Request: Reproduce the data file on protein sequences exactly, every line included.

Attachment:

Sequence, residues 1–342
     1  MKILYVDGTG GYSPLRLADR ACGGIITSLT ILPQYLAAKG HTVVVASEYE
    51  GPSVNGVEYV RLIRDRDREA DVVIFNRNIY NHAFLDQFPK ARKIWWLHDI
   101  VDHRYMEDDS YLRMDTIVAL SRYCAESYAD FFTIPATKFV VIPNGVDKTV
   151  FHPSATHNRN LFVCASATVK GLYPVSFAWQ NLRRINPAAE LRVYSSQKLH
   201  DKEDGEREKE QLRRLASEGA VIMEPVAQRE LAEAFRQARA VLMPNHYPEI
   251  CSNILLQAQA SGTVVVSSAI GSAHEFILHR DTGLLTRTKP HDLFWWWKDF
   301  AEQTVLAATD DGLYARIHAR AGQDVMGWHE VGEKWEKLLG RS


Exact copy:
Sequence, residues 1–342
     1  MKILYVDGTG GYSPLRLADR ACGGIITSLT ILPQYLAAKG HTVVVASEYE
    51  GPSVNGVEYV RLIRDRDREA DVVIFNRNIY NHAFLDQFPK ARKIWWLHDI
   101  VDHRYMEDDS YLRMDTIVAL SRYCAESYAD FFTIPATKFV VIPNGVDKTV
   151  FHPSATHNRN LFVCASATVK GLYPVSFAWQ NLRRINPAAE LRVYSSQKLH
   201  DKEDGEREKE QLRRLASEGA VIMEPVAQRE LAEAFRQARA VLMPNHYPEI
   251  CSNILLQAQA SGTVVVSSAI GSAHEFILHR DTGLLTRTKP HDLFWWWKDF
   301  AEQTVLAATD DGLYARIHAR AGQDVMGWHE VGEKWEKLLG RS